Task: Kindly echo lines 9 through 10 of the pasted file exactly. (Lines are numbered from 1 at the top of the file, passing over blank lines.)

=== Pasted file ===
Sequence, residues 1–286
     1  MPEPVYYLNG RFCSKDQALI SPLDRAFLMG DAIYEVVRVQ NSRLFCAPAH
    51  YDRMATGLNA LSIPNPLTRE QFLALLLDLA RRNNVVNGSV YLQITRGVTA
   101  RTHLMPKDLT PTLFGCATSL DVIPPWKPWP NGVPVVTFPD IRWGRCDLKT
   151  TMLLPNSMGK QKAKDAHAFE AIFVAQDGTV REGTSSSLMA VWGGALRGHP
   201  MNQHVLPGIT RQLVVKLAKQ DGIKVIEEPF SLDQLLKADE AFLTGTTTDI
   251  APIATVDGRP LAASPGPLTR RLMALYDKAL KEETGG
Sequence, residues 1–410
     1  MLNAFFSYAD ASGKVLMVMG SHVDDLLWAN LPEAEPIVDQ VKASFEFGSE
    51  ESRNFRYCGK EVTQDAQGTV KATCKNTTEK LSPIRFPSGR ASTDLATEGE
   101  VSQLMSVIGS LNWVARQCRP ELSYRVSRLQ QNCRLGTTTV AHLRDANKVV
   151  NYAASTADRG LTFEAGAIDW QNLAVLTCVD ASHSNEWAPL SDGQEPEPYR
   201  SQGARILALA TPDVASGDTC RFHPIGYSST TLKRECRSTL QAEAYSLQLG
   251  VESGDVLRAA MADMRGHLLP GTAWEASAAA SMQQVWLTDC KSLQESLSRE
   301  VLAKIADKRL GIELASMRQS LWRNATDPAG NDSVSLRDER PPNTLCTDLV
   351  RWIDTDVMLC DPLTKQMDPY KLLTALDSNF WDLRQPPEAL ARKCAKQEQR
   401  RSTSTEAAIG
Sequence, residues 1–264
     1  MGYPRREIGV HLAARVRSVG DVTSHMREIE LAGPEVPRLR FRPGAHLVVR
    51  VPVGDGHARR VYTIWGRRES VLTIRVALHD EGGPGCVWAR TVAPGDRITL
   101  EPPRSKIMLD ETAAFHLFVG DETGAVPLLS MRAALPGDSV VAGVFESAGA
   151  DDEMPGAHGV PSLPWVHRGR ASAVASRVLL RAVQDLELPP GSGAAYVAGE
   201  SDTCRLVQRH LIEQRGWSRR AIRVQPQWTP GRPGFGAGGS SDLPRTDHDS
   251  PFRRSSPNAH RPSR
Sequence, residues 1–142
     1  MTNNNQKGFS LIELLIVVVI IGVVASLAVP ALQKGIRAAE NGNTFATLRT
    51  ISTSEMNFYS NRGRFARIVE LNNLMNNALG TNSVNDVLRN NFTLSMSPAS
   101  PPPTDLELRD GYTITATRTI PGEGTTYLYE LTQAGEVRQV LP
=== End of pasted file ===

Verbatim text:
     1  MLNAFFSYAD ASGKVLMVMG SHVDDLLWAN LPEAEPIVDQ VKASFEFGSE
    51  ESRNFRYCGK EVTQDAQGTV KATCKNTTEK LSPIRFPSGR ASTDLATEGE